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Back to classroom basics

本文作者: 21ST
期号:136  阅读数:4215

Ask questions about the language you’re teaching to generate connected language.

Whether you’re checking the answers to vocabulary exercises or simply explaining new language that’s come up in texts, it’s a good idea to work the language a bit and see how much students really know about it.

The extra language can be the source of real humor in class sometimes and also allows you to give students more language to say what they want to say using the language you’ve been testing them on.


Move away from asking “Are there any words you don’t know?”

A better question to consider after doing texts in class is “Did you notice how these words worked in the text you’ve just read?” More language-oriented post-text tasks include things like: matching verbs from the text to the endings they collocate with; creating gapped sentences from the text which students then try to complete from memory, and so on. This both encourages noticing and also actually teaches some new language.


Make sure even skills-based lessons have a language goal.

No matter what teachers think texts in the classroom are for, students tend to see them as a source of new language. We need to respect this and make sure that once we’ve done any comprehension questions or skimming/scanning tasks, we still extract some useful new language from the texts and do something to connect it to our students.


Don't write single words up on the blackboard.

Remember that there are two main sources of new language that students go away from class with — the language they meet in their course books and the language we write on the blackboard. The latter can be tailored more to their realities and their experiences and can give them something meaningful and relevant to revise from outside class. As such, it’s better not to write single words up on the blackboard. Also to be avoided are things like “to keep fit” or “to get sacked”. Try to write up examples of how you actually use this language — and how students might actually hear it being used outside of class. “I try to keep fit by going to the gym twice a week” or “He got sacked for being late all the time” model usage far better — and the extra language serves as a useful memory aid.


Use your class to expand upon the examples you put up on the blackboard.

Once you have examples like the above on the blackboard, you can ask the class “Anything else you can do to keep fit?” and “Any other reasons why people get sacked?” Use their ideas to add to these examples, so you end up with things like this:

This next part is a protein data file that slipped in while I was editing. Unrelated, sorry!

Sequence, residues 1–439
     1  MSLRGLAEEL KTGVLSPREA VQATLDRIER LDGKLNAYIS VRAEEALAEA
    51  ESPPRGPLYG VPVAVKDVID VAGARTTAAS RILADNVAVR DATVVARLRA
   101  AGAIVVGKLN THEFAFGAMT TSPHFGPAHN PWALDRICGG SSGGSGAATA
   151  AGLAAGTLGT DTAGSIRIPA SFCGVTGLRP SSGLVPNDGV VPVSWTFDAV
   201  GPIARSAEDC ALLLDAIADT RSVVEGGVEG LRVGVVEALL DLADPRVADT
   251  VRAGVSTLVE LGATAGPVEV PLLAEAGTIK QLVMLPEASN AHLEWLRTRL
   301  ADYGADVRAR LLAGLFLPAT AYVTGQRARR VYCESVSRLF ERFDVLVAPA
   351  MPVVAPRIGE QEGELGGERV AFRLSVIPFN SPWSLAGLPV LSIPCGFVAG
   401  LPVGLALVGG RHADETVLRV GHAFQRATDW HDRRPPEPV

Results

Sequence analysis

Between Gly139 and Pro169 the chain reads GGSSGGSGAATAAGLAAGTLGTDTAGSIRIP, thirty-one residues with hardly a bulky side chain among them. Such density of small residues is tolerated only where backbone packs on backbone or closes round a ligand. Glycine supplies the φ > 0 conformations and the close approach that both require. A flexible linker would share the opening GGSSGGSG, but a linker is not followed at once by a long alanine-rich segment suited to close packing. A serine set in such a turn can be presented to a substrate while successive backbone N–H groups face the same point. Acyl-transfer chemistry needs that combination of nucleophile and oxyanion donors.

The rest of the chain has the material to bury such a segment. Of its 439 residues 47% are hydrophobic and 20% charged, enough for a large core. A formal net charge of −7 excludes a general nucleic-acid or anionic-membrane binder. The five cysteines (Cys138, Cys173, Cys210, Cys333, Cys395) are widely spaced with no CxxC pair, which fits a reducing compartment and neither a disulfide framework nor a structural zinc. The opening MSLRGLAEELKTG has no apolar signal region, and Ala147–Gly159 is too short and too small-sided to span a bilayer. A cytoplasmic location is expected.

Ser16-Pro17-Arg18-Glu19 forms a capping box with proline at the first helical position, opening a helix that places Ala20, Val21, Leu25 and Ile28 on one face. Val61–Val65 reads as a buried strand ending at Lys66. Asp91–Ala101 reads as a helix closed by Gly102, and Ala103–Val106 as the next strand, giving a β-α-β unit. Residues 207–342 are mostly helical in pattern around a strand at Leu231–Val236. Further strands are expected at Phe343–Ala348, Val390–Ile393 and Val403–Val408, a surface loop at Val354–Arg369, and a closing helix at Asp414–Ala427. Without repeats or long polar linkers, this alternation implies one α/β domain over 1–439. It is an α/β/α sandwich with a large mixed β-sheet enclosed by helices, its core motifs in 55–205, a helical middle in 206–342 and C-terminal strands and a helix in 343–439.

I try to keep fit by…going to the gym twice a week.

…cycling to work.

…going swimming as often as I can.

He got sacked for…being late all the time.

…drinking in the office.

…telling his boss to get lost!

One easy way to think about all of this is to EXplain new language, give EXamples of usage and to then use the class to EXpand upon these — the triple “EX” rule!


Model speaking tasks for students.

As a lead-in to student talking time, it helps if we give students an idea of exactly what kind of turn we now expect them to take. I usually give my classes a few minutes to read any questions I want them to talk about and, before getting them to talk to each other, I simply tell them my own answer to one of the questions. This helps to root me as a human being in the class and also clarifies for students the kind of thing they can now aim for.


Make sure you revise language.

Students need repeated comprehensible exposure to language over time if it’s going to stick. This means we need to take responsibility for revising in class. Activities we can do include:

Getting students to translate lists of sentences from previous classes.

Getting students in pairs to act or draw expressions from a list for their partner to guess.

Getting the class to organize expressions into groups.

Looking back at a previous exercise. Ask students to check any expressions they’ve forgotten.

Put students in pairs and ask them what they remember about a text. Then reconstruct it together, re-using some of the new language it contained.


Accept the inevitability of translation.

At almost all levels, but especially pre-advanced, students translate — whether we like it or not. Rather than see this as a problem, it’s better to see it as an opportunity — both to make students aware of the perils of translating grammatical structures and single words and to raise awareness of the importance of translating chunks or even whole sentences.

Why not give students a daily list of 10-20 expressions from class and get them to translate them? They can then use the translations to try to recall the English at a later date.
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